Not in ballet. This is a dance form in which one of the definitive performances is Anna Pavlova performing The Dying Swan. Death, sorrow, revenge – it’s all there along with the lighter, more acceptable emotions. You don’t have to be happy or sexy all the time, although ballet can definitely be both. When I dance ballet I can be myself, concentrating hard on the muscles I’m using, the line I’m reaching for, not worrying whether I’m looking happy or cute. When it comes time to let the emotions through I can mourn my friend’s rapidly approaching death from liver cancer. I can express how much I miss Joe. I can be myself, my whole self, not just the fun parts of me. And that, I think, is why I love ballet.

This past week I watched a new baby dancer from my university’s swing club get hooked on swing dancing. She came to the lesson and dance on Monday for the second week, then to Balboa Night on Tuesday. On Wednesday she ducked out of class early and totally ignored stacks of homework in order to come to Wednesday Night Swing. It reminded me of when I got my first taste of swing and went dancing three times in four days (there was no Tuesday Night Bal back then).

Dancing is addictive. When you find the dance that is really yours, the one that just gets you, you start fiending for it, spending all your available free time dancing, finding the thinnest of excuses for why you should ditch the rest of your life to go dancing. They say you’re really hooked when you buy the special shoes (something my friend has resisted so far). Some have questioned whether you can really be addicted to more than one kind of dancing. I think that often we have one dance form that’s our dancing drug of choice. However, that doesn’t mean that we can’t easily have multiple addictions! Like addicts who hit several kinds of 12-step meetings, you’ll find swing dancers showing up at salsa night, belly dancers taking a shot at Lindy, and ballerinas who find they have a natural posture for ballroom.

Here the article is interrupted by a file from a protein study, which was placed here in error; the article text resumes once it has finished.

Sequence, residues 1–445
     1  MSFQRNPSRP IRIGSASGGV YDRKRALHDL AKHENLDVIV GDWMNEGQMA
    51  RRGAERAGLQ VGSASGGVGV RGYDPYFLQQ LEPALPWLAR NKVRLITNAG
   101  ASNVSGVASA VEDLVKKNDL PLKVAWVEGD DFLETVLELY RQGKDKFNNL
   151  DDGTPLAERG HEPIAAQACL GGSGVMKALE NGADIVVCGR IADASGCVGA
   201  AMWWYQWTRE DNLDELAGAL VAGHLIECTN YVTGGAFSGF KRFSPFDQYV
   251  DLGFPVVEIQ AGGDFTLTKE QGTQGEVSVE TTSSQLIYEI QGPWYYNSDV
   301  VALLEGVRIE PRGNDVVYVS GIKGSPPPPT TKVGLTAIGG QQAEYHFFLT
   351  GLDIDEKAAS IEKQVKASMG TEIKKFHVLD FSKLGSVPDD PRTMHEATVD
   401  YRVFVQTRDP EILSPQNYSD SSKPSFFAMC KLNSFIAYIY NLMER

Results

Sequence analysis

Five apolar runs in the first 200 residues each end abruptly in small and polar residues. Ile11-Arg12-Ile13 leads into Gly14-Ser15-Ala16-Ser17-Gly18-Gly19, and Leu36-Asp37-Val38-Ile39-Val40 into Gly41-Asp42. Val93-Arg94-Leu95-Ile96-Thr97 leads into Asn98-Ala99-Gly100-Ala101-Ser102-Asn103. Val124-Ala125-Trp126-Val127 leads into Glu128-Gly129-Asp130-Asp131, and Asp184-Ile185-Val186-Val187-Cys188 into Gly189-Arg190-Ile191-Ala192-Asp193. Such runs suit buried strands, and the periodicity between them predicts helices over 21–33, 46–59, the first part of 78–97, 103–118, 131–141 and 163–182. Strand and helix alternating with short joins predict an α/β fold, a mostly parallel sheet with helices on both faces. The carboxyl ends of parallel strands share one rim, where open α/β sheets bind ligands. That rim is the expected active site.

I consider myself to have two dancing addictions, and am adding a third. Lindy Hop and the other vintage swing dances (East Coast, Charleston, Balboa) are my drug of choice. My life-long love of swing music and vintage style, plus the easy availability of vintage swing dancing in my area (I can go dancing at least four nights a week without having to drive more than fifteen minutes) ensures that this will probably stay my drug of choice for a long time. But I’m also addicted to West Coast Swing, which totally captured my heart last December. I’ve been willing to do crazy things to dance Westie, including spending money I don’t have on workshops I’m going to forget, and driving two hours each way to dance for an afternoon. Lack of ready cash is the only thing that has kept me from doing more, and I’m actively looking for ways to overcome even that obstacle.

Then this semester I signed up for Beginning Ballet. When I was little I took lessons for a few years with a professional ballet company. I loved it, but quickly learned that I did not have the body of a ballet dancer and never would. When band lessons started, I decided to play the trombone instead. Now I’m back to the ballet, and just like when I was a child, I love it. I love the calmness of it, the way you do these amazing things with your chin up and your back straight. I love the grace, and how the most commonplace movements become full of beauty. I love the way my body does things I never knew it could. I even love the way I look in my leotard and tights. (It’s amazing – I put those things on and suddenly I look like a dancer.)

Mostly, though, I love the way that ballet is improving my Lindy. The recurring issues that I’m always, always working on are my balance, especially on spins, and keeping my feet underneath me. Ballet is all about that. Twice a week for a month now I’ve been practicing being controlled and balanced, making smooth weight transfers and keeping my body properly aligned. It’s making a difference. Wednesday night I hit a break when I was dancing with Trey. I was balanced on the ball of one foot with the other foot in the air, and I stuck it for the whole break until Trey let me down again. I couldn’t have done that a month ago. It was freaking awesome.

If I was pushed, could I choose between my dancing addictions? I don’t know. I know that I can’t not dance anymore. I am a Dancer. I need to dance. Could I be content only dancing Lindy? Only Westie? Only ballet? I don’t know. Each one satisfies my heart in a different way. Each one contributes, in its own way, to making me a more well-rounded dancer. Without the ways that Westie and ballet are helping me improve, my Lindy would soon get very frustrating. Without the interaction of the social dances, ballet would get very lonely. Without the fun of Lindy and the training of ballet, Westie could soon become just a dance I’m not good at. Each of my dance addictions contributes to making me a more complete dancer.